The Hanson Brothers - Gross Misconduct (Cover Artwork)
Staff Pick

The Hanson Brothers

Gross Misconduct (1992)

Alternative Tentacles Records

The Hanson Brothers have got to be one of, if not the, most fun and yet technically proficient pop punk bands that has ever existed. The hockey-obsessed mutant alter ego of Canadian punk veterans NoMeansNo, the Hanson Brothers take a concept as simple as Ramonescore, crank the musicianship up to 11, and let their freak flag fly with a zeal, humor and strangeness that will probably never be matched. At no point is their brand of weird "puck rock” better exemplified than on their debut 1992 album, Gross Misconduct, 14 of the zaniest yet technically shredding pop-punk songs committed to tape.

Led by Tommy and Johnny Hanson (brothers Tom and John Wright), their image is composed of one part Ramones (made most evident by the cover’s nod to Road to Ruin), and one part eponymous “Slapshot” hockey goons. For all their weirdo posturing and hilarious on-stage antics, including goonish tough-guy banter and a bass player sporting a hockey mask with “DUMB” written on its forehead, the music speaks for itself; drawing from a range of influences while sticking close to the spirit of Joey and Company, the Hanson Brothers take the predictability of the genre and twist it into something wholly unique.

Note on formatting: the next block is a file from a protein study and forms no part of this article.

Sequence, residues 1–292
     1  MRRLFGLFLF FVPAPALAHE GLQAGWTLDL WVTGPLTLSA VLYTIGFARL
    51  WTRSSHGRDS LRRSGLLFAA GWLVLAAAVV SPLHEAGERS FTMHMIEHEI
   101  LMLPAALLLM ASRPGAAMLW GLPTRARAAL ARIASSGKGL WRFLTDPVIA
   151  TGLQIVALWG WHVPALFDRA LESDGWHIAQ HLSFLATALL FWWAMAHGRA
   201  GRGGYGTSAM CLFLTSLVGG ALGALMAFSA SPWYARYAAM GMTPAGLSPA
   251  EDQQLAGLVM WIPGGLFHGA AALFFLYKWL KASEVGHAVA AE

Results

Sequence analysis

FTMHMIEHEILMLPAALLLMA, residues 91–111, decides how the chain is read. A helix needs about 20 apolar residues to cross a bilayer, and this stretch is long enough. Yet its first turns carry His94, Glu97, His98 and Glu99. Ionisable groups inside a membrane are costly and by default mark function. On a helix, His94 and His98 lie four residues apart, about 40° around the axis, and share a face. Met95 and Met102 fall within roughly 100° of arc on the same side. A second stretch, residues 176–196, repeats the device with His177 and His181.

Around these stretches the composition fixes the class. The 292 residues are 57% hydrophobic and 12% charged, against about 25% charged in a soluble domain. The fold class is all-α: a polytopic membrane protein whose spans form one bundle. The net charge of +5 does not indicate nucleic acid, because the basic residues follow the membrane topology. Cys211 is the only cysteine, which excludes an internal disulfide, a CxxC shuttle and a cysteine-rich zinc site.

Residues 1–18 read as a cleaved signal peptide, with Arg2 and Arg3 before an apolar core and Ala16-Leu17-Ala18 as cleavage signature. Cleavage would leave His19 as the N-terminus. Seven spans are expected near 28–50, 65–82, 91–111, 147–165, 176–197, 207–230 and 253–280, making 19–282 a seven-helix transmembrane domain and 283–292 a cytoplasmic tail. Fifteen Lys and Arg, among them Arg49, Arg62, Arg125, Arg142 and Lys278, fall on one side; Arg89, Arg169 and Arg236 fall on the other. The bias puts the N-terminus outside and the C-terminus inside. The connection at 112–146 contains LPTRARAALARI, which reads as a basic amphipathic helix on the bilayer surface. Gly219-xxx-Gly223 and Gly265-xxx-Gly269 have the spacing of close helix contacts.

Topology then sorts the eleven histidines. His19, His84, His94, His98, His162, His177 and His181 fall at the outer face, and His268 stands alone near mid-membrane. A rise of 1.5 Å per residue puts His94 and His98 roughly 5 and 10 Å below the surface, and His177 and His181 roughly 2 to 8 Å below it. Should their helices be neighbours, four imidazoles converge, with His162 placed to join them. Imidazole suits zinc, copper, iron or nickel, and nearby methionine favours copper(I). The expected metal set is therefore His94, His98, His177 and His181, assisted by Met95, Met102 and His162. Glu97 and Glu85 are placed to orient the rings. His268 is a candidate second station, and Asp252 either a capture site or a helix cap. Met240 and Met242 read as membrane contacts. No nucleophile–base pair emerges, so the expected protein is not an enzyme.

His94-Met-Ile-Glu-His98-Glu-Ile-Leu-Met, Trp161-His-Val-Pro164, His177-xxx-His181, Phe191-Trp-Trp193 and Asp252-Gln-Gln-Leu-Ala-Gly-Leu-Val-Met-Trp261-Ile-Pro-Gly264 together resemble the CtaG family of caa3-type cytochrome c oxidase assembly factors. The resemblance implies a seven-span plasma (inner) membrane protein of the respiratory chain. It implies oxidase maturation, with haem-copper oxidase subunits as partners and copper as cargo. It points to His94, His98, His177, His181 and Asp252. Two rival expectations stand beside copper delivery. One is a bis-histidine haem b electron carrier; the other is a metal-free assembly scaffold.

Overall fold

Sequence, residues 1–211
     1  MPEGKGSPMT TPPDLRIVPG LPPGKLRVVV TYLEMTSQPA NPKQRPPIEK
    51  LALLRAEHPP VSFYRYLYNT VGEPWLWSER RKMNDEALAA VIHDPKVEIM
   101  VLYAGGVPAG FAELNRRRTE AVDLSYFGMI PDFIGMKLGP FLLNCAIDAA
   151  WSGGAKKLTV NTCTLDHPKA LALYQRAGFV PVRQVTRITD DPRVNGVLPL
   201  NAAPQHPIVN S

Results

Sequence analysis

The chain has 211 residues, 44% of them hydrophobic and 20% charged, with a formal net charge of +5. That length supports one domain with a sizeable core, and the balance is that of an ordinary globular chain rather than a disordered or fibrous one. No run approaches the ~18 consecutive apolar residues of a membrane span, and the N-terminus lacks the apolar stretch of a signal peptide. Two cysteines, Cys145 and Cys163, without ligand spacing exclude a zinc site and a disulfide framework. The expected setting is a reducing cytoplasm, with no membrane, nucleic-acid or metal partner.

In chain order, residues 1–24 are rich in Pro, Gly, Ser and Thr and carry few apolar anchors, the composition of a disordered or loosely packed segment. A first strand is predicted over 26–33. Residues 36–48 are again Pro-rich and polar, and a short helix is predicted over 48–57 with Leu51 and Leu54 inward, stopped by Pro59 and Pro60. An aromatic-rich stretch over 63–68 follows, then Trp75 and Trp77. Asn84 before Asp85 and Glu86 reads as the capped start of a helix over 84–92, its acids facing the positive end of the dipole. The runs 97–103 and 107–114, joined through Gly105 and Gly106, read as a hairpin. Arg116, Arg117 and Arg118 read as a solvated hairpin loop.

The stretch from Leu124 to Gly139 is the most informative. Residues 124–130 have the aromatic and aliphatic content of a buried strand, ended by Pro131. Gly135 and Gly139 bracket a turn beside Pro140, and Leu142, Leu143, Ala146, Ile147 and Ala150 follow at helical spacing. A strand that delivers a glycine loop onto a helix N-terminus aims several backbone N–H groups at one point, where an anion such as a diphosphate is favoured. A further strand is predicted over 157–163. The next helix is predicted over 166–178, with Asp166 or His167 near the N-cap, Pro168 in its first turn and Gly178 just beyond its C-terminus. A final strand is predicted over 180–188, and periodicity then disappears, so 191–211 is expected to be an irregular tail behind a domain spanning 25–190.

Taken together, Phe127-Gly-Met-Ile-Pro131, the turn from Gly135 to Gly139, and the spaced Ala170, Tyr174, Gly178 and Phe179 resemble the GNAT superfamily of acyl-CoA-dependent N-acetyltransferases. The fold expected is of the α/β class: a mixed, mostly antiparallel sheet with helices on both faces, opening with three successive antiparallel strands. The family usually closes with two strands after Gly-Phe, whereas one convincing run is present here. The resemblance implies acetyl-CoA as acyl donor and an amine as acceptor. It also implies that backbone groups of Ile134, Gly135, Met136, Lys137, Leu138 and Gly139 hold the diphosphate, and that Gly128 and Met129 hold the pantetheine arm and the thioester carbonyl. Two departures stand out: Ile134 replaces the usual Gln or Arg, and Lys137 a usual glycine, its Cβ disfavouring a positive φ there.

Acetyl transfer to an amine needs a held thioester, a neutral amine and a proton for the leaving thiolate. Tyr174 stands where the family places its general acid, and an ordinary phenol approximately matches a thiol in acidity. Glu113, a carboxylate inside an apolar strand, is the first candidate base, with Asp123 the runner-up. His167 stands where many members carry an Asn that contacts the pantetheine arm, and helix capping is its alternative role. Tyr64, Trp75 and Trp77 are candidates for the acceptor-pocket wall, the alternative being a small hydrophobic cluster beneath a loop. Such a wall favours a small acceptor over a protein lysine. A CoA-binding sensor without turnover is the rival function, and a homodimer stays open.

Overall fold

Opener “No Emotion” is an aggressive song with deep, pounding bass that belies the Hanson Brothers’ goofy aesthetic. “My Girlfriend’s a Robot,” however, finds the Hanson Brothers right in the their goofy sweet spot, channeling the Dickies in a sad tale of Johnny Hanson dismantling his robot gal pal after she broke his heart. “No More Head Cheese” is a spirited treatise against -- you guessed it -- head cheese, while “Lovesick” finds the band tackling the classic slowed-down Ramones-style ballad. For fans of hockey, “Duke It Out” and “Tootal Goombah” should serve as proper anthems, for as stated in the song “Butthead,” ”Hockey’s what I like the best/girl’s don’t understand the rest.” Certainly, this style of music is not for everyone, and in fact may earn strange glances from those unversed in or unused to such unapologetically poppy, silly music, but for those who love the Ramones and the cult of misfit strangeness surrounding them, the Hanson Brothers deliver.

More than 20 years removed from the release of this album, a lot of gimmicky bands have come and gone, to varying degrees of success. I do not see the Hanson Brothers as a gimmick, however -- they performed their schtick with such energy, love, and skill, it can only be looked back upon as endearing. Modern bands such as Masked Intruder have a lot to thank the Hanson Brothers for, as do fans of fun, lighthearted punk rock.